In 2008, a recording called The Haunted House was released by a one-man band named Pyha (the Korean word for Ruined). According to information provided by the label that released it, the album was recorded back when the man was a young boy in the year of 2001. This claim is doubtful, but there is as of yet no evidence to prove otherwise. The most remarkable characteristic of the album was the amount of distortion. It was extremely distorted even by black metal standards, but with this distortion, Pyha inadvertently discovered a new way to express emotion. By increasing the level of distortion, it gave the feeling that the world was crumbling apart from hatred and despair. One of the most recognizable aspects of Black Metal back when it was started was the raw production, which was implemented as a revolt against the clean sounding metal production of the day. If this trend continues, we will begin to see scores of Depressive Black Metal bands intentionally using raw production as a response to their cleaner sounding brethren.

Bands and Albums Mentioned

Burzum - Burzum
Strid - End of Life
Strid - Strid
Austere - To Lay Like Old Ashes
Impavida - Eerie Sceneries
Pyha - The Haunted House

Guest article disclaimer:
This is a guest article, which means it does not necessarily represent the point of view of the MS Staff.


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Marcel Hubregtse - 28.07.2010 at 21:11  
No mention of Bethlehem or Deinonychus?
Insineratehymn - 28.07.2010 at 21:19  
Written by Marcel Hubregtse on 28.07.2010 at 21:11

No mention of Bethlehem or Deinonychus?

Yeah, I'm not quite familiar with those bands, so I forgot to include them.
Marcel Hubregtse - 28.07.2010 at 21:23  
Written by Guest on 28.07.2010 at 21:19

Written by Marcel Hubregtse on 28.07.2010 at 21:11

No mention of Bethlehem or Deinonychus?

Yeah, I'm not quite familiar with those bands, so I forgot to include them.

They were immensely important for the way the sound of dsbm evolved. Both band started in the early 90s.
Troy Killjoy - 28.07.2010 at 21:23  
No mention of a lot of bands, but this is still a nice intro article for dep-black metal newbies.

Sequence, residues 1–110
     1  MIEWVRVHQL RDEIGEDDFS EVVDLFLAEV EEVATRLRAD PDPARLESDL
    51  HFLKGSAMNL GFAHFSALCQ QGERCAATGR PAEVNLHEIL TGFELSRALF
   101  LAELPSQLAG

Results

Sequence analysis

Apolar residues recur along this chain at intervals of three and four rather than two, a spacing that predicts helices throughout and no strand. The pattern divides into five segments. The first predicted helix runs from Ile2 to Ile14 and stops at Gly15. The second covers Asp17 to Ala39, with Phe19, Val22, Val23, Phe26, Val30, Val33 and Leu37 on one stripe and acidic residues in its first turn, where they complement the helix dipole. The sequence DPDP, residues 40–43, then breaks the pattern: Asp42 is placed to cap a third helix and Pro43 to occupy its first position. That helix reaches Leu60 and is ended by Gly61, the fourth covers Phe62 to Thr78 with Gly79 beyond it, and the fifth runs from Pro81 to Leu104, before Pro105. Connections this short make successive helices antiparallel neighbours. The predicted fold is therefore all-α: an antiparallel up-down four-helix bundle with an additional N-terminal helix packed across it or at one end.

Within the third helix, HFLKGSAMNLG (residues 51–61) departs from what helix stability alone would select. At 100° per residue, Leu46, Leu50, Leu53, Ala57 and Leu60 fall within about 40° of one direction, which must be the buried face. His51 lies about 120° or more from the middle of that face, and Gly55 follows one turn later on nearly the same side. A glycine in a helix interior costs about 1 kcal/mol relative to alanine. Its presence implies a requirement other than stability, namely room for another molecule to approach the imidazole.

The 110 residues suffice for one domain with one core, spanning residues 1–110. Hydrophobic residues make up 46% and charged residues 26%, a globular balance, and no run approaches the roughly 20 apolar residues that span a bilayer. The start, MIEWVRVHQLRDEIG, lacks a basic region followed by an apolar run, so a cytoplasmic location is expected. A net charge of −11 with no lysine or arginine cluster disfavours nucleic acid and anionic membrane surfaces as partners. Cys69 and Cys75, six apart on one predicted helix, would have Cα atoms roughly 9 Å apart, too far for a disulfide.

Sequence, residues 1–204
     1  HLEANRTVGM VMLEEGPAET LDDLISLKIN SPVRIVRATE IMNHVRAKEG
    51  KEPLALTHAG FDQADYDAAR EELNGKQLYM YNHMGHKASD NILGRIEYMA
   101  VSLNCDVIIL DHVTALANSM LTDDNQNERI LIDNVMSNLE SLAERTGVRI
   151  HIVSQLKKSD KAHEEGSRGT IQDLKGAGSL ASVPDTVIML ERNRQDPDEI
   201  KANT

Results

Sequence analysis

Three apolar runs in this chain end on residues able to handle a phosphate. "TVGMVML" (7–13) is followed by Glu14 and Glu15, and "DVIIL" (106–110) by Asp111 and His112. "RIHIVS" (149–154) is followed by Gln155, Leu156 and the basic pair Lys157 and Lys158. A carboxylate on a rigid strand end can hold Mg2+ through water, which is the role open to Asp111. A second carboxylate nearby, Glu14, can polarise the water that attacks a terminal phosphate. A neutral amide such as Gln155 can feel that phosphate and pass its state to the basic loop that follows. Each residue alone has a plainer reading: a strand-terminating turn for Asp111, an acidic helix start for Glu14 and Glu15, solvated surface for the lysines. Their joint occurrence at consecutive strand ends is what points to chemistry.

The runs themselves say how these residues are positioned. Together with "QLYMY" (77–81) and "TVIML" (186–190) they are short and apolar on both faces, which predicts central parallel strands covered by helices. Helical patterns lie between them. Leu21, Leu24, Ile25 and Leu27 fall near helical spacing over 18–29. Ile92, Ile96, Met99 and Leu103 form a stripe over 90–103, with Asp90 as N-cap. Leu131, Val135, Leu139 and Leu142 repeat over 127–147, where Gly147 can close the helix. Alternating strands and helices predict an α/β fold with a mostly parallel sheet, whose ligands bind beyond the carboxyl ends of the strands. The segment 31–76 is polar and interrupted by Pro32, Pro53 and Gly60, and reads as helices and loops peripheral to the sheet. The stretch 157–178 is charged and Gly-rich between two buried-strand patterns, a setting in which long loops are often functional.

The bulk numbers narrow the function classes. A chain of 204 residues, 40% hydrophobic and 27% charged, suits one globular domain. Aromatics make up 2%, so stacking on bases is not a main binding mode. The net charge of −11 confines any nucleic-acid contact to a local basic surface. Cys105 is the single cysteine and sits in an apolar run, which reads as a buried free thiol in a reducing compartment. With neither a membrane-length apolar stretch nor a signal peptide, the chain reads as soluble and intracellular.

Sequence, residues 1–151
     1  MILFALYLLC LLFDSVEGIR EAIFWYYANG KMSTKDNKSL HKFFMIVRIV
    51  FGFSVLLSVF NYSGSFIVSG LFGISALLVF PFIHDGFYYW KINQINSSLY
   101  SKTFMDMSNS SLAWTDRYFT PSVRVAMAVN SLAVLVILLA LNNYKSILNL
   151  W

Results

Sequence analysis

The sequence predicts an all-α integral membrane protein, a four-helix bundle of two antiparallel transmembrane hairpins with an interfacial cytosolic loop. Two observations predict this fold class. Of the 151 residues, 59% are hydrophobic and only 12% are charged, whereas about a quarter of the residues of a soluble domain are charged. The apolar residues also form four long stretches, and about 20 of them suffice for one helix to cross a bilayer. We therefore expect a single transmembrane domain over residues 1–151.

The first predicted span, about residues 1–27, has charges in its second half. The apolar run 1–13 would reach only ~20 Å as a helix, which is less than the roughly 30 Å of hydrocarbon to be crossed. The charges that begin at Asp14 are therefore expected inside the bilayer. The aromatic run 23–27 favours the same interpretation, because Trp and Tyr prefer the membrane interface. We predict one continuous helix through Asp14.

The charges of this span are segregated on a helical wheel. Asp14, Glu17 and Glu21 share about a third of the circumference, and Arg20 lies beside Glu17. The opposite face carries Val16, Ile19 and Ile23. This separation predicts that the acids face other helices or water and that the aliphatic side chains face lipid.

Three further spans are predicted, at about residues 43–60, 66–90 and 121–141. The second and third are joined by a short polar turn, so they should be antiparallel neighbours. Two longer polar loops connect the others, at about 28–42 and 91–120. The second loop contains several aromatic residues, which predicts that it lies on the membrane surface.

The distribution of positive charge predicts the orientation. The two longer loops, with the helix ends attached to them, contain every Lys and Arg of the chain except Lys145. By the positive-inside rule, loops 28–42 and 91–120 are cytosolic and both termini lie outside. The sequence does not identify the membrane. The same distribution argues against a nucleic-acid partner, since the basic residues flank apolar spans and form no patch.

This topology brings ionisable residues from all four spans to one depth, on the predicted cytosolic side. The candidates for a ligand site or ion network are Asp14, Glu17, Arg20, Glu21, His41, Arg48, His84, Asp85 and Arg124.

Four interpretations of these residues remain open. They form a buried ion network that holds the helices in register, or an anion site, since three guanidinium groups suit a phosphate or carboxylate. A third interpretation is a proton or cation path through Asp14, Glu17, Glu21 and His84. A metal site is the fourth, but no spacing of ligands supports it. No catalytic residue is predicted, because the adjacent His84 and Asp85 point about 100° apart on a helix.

Insineratehymn - 28.07.2010 at 21:40  
Written by Troy Killjoy on 28.07.2010 at 21:23

No mention of a lot of bands, but this is still a nice intro article for dep-black metal newbies.

That was exactly my intention, to foster interest in the genre.
Puff - 04.08.2010 at 03:00  
I pretty much stopped looking for new bands within the genre.
Used to find lots of these bands original when I first got into it.
But considering the number of bands playing this type of BM now
most bands I started to explore turned out to sound pretty much
the same as the bands I already knew.
If ya got any recommendations to make I'd be pleased to check it out.

Pretty much the best music to listen to while on a mush or acid trip in the woods
or just for plain relaxing and getting lost in our own fucked up mind.
Mr. Doctor - 18.08.2010 at 11:41  
I'm sorry, I read it again and I can't like this article. Usually if I want to show a person a kind of music... I start with the beginnings, the bands that started the trend. Here I can only see Burzum, a band that just inspired... It's not DSBM imo.
Bloeddorst - 16.09.2010 at 16:42  
Trist? Hypothermia?
RobertNowhere - 18.09.2010 at 16:47  
Deinonychus \m/\m/!!!!!!!!
RobertNowhere - 18.09.2010 at 16:49  
But yeah...there are really a gazillion depressive black metal bands out there today...there's no way to listen to them all...and they all follow a basic template, so there is no need to....a few faves is enough...
Carl Berg - 27.09.2010 at 19:21  
hiddensamurai - 22.12.2010 at 19:37  
You should listen to EKOVE EFRITS
really good stuff
all the prediction that you mentioned this band tried and did it peferctly
suicidal rebirth 2007
coceptional horizon (very soon)